consolidation among our competitors, our customers and/or our customers’ customers;

 

   

changes in our customers’ end user concentration or requirements;

 

   

loss of one or more major customers;

 

   

significant changes in ordering pattern by major customers;

 

32


Table of Contents
   

our or our channel partners’ ability to maintain and manage appropriate inventory levels;

 

   

the availability and cost of materials and services, including foundry, assembly and test capacity, needed by us from our foundries and suppliers;

 

   

disruptions in our or our customers’ supply chain due to natural disasters, fire, outbreak of communicable diseases, labor disputes, civil unrest or other reason;

 

   

delays in successful transfer of manufacturing processes to our subcontractors;

 

   

fluctuations in the manufacturing output, yields, and capacity of our suppliers;

 

   

fluctuation in suppliers’ capacity due to reorganization, relocation or shift in business focus;

 

   

problems, costs, or delays that we may face in shifting our products to smaller geometry process technologies and in achieving higher levels of design and device integration;

 

   

our ability to successfully introduce and transfer into production new products and/or integrate new technologies;

 

   

increase in manufacturing costs;

 

   

higher mask tooling costs associated with advanced technologies;

 

   

the amount and timing of our investment in research and development;

 

   

costs and business disruptions associated with stockholder or regulatory issues;

 

   

the timing and amount of employer payroll tax to be paid on our employees’ gains on stock options exercised;

 

   

inability to generate profits to utilize net operating losses;

 

   

increased costs and time associated with compliance with new accounting rules or new regulatory requirements;

 

   

changes in accounting or other regulatory rules, such as the requirement to record assets and liabilities at fair value;

 

   

fluctuations in interest rates and/or market values of our marketable securities;

 

   

litigation costs associated with the defense of suits brought or complaints made against us; and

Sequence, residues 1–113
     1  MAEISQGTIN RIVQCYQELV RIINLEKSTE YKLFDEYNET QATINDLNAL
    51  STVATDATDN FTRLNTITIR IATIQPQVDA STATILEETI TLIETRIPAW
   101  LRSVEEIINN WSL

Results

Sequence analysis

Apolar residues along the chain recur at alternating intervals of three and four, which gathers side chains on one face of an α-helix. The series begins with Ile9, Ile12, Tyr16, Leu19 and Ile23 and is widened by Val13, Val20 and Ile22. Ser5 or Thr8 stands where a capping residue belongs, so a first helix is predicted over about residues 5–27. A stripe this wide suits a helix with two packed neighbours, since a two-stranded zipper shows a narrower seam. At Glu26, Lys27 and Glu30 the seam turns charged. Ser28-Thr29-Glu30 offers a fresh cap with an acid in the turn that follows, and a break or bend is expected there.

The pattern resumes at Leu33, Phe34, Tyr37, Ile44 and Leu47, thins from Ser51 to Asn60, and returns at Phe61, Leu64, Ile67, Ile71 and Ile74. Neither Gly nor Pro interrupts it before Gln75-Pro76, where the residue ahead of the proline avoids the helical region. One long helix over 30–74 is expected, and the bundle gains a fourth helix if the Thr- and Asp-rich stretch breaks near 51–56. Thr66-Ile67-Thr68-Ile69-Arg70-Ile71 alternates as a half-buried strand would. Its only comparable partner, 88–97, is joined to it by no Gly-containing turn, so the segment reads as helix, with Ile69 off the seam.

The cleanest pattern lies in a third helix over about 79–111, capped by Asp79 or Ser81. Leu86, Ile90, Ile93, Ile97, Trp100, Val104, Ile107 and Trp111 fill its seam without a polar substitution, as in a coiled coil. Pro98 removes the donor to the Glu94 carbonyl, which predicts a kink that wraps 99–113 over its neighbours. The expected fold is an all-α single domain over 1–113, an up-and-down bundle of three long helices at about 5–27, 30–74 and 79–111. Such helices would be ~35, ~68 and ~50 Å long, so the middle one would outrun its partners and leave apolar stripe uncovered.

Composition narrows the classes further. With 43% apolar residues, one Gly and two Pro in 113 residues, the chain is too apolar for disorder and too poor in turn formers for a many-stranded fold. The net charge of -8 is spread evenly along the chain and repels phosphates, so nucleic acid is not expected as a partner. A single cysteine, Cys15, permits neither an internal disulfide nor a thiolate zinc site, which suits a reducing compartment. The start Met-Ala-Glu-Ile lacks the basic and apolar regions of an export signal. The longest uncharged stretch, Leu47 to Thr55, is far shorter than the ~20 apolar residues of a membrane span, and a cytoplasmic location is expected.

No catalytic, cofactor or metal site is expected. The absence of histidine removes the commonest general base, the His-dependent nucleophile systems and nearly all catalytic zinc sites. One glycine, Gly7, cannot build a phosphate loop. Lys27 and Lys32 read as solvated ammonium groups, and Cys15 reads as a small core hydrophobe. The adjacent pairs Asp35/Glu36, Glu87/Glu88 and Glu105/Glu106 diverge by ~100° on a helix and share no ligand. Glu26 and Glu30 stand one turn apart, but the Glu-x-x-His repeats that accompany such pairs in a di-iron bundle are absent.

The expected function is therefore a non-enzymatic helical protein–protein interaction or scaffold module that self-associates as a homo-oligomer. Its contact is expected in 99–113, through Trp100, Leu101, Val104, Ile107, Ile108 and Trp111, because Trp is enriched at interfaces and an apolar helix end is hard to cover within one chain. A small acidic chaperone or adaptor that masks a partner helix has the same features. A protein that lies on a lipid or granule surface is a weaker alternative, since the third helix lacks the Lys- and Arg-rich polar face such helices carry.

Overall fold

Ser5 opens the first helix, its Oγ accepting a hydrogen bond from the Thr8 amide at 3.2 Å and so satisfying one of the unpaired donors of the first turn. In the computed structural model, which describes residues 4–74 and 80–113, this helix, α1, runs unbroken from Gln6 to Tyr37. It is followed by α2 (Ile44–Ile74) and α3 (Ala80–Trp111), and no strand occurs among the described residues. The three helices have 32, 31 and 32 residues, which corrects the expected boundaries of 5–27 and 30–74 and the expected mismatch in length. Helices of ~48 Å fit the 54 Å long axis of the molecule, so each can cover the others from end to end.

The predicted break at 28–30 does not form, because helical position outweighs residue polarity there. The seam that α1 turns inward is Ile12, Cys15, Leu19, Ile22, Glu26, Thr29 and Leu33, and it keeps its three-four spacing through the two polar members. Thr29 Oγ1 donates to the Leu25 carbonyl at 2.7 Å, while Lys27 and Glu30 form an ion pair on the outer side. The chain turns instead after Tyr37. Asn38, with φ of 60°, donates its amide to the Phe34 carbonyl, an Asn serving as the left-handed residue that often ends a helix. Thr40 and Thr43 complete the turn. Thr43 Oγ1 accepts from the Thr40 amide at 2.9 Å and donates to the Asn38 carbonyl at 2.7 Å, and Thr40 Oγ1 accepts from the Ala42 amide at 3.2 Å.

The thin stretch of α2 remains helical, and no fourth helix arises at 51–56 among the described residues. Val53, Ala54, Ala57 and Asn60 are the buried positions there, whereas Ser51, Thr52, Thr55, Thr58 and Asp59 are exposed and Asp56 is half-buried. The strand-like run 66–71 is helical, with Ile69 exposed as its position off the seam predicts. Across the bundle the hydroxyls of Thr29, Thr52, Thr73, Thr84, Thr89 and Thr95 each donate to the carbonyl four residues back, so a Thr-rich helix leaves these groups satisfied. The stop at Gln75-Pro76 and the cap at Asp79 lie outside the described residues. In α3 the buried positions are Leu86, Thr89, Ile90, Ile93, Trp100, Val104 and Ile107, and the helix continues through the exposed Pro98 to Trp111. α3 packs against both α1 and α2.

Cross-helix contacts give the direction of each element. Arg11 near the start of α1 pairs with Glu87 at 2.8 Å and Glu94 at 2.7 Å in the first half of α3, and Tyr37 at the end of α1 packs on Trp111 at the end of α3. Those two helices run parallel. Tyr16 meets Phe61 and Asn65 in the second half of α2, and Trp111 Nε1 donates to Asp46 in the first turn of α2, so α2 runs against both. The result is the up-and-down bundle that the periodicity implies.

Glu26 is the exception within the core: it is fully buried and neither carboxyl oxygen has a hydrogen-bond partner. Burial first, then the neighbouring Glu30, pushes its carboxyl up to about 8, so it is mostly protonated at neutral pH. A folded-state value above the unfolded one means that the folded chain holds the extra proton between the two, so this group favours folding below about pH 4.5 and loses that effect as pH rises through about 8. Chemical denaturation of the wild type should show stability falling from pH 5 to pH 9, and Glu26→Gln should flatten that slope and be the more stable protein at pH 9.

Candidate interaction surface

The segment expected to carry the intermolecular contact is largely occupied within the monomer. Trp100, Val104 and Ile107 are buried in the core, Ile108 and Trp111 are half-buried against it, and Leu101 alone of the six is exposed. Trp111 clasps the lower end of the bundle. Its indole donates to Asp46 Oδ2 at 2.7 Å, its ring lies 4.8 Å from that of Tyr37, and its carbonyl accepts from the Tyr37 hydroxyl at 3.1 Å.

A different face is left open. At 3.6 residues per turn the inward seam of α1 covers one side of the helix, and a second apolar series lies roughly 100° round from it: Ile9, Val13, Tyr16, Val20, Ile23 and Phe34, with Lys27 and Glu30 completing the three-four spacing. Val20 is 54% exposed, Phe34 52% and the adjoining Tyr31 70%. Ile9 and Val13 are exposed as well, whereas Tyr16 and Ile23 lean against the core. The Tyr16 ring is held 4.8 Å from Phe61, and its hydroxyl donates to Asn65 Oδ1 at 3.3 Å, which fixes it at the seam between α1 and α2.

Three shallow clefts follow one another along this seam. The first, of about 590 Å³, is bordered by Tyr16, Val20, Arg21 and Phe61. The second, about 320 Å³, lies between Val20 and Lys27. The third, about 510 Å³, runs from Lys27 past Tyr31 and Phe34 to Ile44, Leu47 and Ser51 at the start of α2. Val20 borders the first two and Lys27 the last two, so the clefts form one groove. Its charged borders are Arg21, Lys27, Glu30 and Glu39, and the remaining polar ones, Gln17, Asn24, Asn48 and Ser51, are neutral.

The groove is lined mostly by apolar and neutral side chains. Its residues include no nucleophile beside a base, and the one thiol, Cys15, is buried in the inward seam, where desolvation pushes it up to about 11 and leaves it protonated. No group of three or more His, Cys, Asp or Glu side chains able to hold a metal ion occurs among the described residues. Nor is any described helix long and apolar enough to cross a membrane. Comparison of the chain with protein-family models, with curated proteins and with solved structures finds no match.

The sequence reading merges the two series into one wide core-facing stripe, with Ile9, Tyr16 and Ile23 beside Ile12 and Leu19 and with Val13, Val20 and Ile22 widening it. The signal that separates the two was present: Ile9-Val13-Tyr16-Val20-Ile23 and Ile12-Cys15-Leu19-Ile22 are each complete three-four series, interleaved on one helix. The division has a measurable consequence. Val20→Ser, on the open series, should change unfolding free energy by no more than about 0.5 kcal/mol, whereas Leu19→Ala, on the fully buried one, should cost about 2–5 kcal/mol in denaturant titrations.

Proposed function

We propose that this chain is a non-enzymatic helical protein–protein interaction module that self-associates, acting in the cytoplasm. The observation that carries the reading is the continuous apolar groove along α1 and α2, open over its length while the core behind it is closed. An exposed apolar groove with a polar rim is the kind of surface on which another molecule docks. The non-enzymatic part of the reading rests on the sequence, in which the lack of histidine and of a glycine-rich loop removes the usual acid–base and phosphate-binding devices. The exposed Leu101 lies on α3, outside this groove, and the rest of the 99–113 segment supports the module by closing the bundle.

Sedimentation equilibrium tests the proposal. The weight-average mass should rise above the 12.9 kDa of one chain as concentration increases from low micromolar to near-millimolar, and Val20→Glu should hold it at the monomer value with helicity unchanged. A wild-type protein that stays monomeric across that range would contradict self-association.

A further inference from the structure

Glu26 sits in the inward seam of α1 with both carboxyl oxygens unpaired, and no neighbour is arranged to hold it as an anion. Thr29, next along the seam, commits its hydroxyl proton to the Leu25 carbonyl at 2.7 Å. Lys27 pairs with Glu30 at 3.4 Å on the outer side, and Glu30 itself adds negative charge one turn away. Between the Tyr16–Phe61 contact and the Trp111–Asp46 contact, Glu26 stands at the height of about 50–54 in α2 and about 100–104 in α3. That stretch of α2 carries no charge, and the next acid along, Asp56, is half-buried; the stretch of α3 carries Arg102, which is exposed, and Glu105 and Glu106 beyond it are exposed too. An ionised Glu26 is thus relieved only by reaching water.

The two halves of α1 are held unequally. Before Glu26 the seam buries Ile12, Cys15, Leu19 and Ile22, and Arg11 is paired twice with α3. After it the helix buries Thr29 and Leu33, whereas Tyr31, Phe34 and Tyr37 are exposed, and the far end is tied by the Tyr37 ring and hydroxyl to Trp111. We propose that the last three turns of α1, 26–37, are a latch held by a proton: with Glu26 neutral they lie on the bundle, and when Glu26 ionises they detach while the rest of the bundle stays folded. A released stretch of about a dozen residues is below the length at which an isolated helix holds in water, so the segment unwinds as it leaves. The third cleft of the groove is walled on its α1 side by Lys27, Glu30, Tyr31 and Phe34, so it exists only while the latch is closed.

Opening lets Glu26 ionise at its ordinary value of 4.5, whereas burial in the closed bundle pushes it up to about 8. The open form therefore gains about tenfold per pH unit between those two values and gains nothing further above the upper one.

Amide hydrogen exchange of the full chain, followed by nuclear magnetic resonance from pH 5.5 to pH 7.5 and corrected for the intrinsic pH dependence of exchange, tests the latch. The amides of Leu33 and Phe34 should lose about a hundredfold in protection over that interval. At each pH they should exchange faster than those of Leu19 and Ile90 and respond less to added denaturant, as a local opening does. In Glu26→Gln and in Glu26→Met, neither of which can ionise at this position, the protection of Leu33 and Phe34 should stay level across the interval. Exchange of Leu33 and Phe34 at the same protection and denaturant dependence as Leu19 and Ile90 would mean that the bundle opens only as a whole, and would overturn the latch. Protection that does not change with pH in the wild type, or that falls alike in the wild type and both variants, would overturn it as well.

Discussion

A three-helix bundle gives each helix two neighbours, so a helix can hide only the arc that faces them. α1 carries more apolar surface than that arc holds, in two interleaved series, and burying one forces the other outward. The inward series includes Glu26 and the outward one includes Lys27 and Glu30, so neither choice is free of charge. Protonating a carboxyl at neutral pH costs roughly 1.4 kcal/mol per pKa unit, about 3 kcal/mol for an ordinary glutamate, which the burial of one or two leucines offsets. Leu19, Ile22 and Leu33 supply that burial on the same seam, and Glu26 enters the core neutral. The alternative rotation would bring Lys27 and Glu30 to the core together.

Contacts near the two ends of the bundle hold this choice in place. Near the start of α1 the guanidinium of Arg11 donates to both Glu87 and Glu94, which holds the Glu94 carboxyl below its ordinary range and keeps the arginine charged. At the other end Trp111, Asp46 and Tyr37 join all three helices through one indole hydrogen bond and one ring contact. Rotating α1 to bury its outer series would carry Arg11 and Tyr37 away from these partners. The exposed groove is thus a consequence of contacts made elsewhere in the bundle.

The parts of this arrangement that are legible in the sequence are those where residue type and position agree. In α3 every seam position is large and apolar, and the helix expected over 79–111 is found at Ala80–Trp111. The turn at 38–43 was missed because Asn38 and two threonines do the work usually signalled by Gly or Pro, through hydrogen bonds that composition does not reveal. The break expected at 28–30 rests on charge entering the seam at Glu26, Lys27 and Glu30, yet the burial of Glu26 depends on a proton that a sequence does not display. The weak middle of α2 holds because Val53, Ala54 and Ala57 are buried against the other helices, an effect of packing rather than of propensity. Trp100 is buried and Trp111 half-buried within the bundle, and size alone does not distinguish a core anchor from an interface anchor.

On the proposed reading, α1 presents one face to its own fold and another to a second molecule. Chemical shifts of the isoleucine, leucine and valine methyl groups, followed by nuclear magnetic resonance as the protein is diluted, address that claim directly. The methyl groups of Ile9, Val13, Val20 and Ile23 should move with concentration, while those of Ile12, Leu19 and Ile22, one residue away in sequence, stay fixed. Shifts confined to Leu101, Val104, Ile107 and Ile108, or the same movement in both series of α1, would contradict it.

changes in or continuation of certain tax provisions.

Our expense levels are based, in part, on expectations of future revenues and are, to a large extent, fixed in the short-term. Our revenues are difficult to predict and at times we have failed to achieve revenue expectations. We may be unable to adjust spending in a timely manner to compensate for any unexpected revenue shortfall. If revenue levels are below expectations for any reason, operating results are likely to be materially adversely affected.

Because a significant portion of our total assets are represented by goodwill and other intangible assets which are subject to mandatory annual impairment evaluations, we could be required to write off some or all of our goodwill and other intangible assets, which may adversely impact our financial condition and results of operations.

We accounted for our merger with Sipex using the purchase method of accounting. A significant portion of the purchase price for the business combination was allocated to identifiable tangible and intangible assets and assumed liabilities based on estimated fair values at the date of consummation. The excess purchase price was allocated to goodwill. In accordance with the SFAS 142, Goodwill and Other Intangible Assets, goodwill is not amortized but is reviewed annually or more frequently if impairment indicators arise, for impairment. We conduct our annual analysis of our goodwill in the fourth quarter of our fiscal year. Intangible assets that are subject to amortization are reviewed for impairment in accordance with FAS 144, Accounting for the Impairment or Disposal of Long-Lived Assets, whenever events or changes in circumstances indicate that its carrying amount may not be recoverable.

 

33


Table of Contents